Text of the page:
### Varying the Embedding Dimension d

We first assess the impact that the choice of embedding dimension has on the clustering performance when using GMM-based hierarchical clustering. We generated 50 random graphs for each value of n using the surrogate model (1), (2), and then cluster them by embedding them in ℝ2d using ASE (varying the value of d each time).

For the sake of comparison, clustering was first performed by running the EM algorithm with initial parameters obtained by applying MBHAC to all n data points, implemented using the mclust R package (Scrucca et al., 2016). Note that applying MBHAC to all data points creates deterministic partitions resulting in just a single trial, T = 1. Table 2 shows the percentage of 50 graphs in which the vertices were perfectly clustered (i.e., each vertex vi was correctly assigned to its true class τ(vi) by the algorithm) and the percentage of vertices that were misclassified across these graphs. The results indicate that using this approach to initialize the EM algorithm performed rather poorly, and was in general unsuccessful in clustering the latent vectors correctly. Interestingly, the method performed better for lower values of d and large n, with the misclassification rate being very low for these values.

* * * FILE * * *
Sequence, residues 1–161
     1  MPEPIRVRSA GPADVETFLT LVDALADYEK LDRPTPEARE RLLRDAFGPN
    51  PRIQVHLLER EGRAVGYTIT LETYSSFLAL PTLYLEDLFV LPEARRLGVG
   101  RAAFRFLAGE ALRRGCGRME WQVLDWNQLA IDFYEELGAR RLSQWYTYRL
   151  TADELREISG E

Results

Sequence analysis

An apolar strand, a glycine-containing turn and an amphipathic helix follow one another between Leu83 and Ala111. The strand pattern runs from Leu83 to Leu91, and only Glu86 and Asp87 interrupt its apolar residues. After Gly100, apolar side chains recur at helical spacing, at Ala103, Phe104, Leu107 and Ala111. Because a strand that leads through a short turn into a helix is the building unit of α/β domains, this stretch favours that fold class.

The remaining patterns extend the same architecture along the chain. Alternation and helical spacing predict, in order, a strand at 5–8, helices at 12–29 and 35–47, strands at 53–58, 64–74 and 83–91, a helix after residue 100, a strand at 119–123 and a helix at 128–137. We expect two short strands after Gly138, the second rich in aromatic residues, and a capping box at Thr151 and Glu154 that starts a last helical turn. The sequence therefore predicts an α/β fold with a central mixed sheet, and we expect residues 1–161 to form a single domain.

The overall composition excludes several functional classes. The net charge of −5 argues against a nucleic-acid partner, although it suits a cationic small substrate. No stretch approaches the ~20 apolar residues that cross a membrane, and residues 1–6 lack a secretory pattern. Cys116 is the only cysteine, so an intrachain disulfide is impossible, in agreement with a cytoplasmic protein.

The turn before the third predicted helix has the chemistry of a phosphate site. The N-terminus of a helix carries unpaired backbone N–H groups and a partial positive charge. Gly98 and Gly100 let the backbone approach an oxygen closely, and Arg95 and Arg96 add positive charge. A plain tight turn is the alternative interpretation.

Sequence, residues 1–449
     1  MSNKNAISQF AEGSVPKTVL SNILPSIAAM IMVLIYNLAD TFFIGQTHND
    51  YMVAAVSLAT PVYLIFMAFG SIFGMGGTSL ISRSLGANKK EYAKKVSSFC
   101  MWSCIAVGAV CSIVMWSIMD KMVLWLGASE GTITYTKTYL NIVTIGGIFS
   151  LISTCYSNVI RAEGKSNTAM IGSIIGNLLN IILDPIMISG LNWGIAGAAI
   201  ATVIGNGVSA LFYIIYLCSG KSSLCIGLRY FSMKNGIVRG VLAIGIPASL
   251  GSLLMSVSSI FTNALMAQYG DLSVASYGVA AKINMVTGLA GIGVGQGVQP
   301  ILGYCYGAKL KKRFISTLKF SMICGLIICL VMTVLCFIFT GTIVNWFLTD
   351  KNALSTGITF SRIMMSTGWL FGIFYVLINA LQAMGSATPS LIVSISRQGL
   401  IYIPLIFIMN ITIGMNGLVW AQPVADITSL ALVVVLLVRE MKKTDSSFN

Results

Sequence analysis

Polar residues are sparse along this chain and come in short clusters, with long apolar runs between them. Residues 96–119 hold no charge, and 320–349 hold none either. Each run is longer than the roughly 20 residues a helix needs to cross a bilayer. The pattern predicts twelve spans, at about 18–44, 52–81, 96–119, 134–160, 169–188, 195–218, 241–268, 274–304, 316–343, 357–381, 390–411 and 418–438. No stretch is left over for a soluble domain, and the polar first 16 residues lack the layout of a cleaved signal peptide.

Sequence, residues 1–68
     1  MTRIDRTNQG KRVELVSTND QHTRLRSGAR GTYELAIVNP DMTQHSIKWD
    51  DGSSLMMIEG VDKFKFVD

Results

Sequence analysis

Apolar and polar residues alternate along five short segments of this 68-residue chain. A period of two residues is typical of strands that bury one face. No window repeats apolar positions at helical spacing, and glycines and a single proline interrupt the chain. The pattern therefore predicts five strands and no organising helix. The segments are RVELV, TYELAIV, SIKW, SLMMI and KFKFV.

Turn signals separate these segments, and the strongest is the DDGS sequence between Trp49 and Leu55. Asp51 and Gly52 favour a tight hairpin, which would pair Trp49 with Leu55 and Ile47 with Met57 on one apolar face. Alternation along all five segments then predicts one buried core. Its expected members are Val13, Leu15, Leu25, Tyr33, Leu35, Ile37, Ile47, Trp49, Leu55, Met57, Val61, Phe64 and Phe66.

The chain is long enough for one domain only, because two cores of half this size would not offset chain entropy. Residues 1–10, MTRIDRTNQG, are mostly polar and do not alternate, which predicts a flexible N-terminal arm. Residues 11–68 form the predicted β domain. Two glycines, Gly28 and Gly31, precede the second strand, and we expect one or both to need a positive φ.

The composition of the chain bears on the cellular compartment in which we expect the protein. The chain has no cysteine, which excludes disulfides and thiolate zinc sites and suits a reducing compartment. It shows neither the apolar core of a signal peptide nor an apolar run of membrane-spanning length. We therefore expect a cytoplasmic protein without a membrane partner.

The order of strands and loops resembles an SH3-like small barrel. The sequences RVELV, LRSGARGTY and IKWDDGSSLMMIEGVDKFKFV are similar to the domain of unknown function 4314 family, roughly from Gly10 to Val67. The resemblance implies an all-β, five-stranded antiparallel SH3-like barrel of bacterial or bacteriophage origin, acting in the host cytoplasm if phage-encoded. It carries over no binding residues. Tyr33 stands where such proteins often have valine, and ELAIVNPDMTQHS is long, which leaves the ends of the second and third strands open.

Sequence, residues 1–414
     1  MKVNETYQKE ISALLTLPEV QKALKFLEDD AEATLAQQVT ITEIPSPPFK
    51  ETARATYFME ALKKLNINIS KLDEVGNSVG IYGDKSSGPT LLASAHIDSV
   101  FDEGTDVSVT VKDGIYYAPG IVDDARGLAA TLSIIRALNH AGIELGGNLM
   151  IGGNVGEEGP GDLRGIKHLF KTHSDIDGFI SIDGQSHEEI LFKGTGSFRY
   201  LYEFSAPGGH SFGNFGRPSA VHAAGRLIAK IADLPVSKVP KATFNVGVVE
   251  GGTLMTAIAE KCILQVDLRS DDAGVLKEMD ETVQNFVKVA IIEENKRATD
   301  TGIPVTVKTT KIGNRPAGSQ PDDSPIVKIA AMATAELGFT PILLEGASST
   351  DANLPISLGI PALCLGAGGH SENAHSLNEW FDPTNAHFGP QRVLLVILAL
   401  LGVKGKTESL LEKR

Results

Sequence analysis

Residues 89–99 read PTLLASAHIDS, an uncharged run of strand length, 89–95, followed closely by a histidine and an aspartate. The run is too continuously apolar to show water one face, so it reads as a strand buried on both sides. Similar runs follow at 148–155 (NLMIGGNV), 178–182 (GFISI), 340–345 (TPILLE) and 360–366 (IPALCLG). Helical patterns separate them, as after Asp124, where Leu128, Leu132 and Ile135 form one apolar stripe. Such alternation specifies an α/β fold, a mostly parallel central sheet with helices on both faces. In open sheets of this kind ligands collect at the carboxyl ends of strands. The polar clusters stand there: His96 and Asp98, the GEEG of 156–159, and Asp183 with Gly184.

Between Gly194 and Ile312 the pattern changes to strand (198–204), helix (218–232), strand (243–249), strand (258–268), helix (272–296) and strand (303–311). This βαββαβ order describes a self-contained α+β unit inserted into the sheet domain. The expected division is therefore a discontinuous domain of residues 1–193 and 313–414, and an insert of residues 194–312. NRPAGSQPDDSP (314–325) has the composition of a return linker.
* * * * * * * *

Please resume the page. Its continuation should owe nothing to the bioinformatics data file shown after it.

Table 2.

Clustering accuracy for EM initialization using MBHAC for a single trial, T = 1. The initial parameters were obtained by applying MBHAC to all n data points. d is the number of singular values chosen for ASE. A total of 50 graphs were used for each n.

n% Perfect clustering (% vertices misclassified)
d = 2d = 3d = 4d = 5d = 6
212 (4,096) 2 (7.63) 0 (14.55) 2 (15.48) 0 (18.18) 0 (18.23)